Predictive maintenance is an ML-enabled technique that recognizes failure patterns based on historical data. When implemented in an automated functional testing workflow, it will run an ongoing evaluation of the environment and identify changes that may destabilize test execution before it happens. Apart from this, artificial intelligence can power self-healing mechanisms by detecting the root issue of a failed test and promptly fixing it. This way, the recovery takes much less time than when done by a testing engineer, allowing for almost uninterrupted testing.
Performance testing is an essential step in preparing for software release, as it helps ensure unfaltering operation at all times. Since it would require much effort to create an appropriate environment manually, partial automation has become a viable option for this testing type. A wealth of dedicated tools on the market allow generating real-life and extreme conditions and measure application performance. But machine learning can change the game here.
For one thing, it can prove extremely useful for test case creation. Geared towards pattern recognition, the algorithm runs an end-to-end system analysis, identifies weak points, and models test cases to address these deficiencies. Moreover, machine learning can take over the task of creating test scripts. Driven by Natural Language Processing, the algorithm can not only generate code but also fix any occurring issues, thus allowing software creators to fully focus on more creative tasks.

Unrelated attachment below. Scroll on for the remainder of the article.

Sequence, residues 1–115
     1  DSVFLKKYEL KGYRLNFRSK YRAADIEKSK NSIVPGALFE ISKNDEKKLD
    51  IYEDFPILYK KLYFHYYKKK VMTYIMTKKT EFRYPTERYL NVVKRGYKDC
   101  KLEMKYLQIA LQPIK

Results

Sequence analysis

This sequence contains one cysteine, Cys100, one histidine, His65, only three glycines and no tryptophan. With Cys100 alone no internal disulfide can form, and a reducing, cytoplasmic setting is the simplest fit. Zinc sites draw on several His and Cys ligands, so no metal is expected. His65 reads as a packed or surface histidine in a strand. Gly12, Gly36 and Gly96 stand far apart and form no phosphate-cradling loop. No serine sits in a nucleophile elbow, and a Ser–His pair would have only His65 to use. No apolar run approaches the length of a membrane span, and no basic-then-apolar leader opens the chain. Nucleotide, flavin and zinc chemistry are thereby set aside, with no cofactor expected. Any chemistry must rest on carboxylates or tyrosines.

Today, more and more performance testing and monitoring tools are being retrofitted with AI/ML technologies, with such well-reputable solutions as AIMS, BMC Software APM, and Dynatrace among them.
With the rapid growth of smartphone usage over the last decade, the mobile application market is forecasted to have a staggering CAGR of 19.2% in the next three years, as reported by Allied Market Research. In the context of such a high demand, development companies began relying on up-and-coming solutions to accelerate their SLDC, and machine learning became the top choice for many.
In an average mobile app QA project, planning and creating individual test scenarios take up a lot of time, yet involving machine learning and artificial intelligence is poised to automate these strategic steps. Analyzing an app from end to end, the algorithm can come up with the most suitable test cases and even execute the easiest ones.
Beyond that, ML can automate assessment against the Human Interface Guidelines (HIG) — the process that takes days for human reviewers. Trained on the HIG requirements, the tool can ‘walk’ through an application’s pages and seek out violations, helping the team meet their release deadlines.
Machine learning has only begun making a difference in the software testing field, but the potential it holds for QA automation and DevOps is already promising. Implemented into the CI/CD pipeline, the technology will allow testing teams to not only accelerate bug detection and risk assessment but also make these processes smarter, error-free, and future-proof.
The growing interest in ML-QA integration has been lately raising the testing community’s concerns, as some fear being displaced by the more high-performing algorithms. Although the chances are high that the popularization of ML-powered testing will entail the establishment of higher standards for testing qualifications, in the foreseeable future, the technology is unlikely to become autonomous and self-sufficient enough to make the job disappear completely.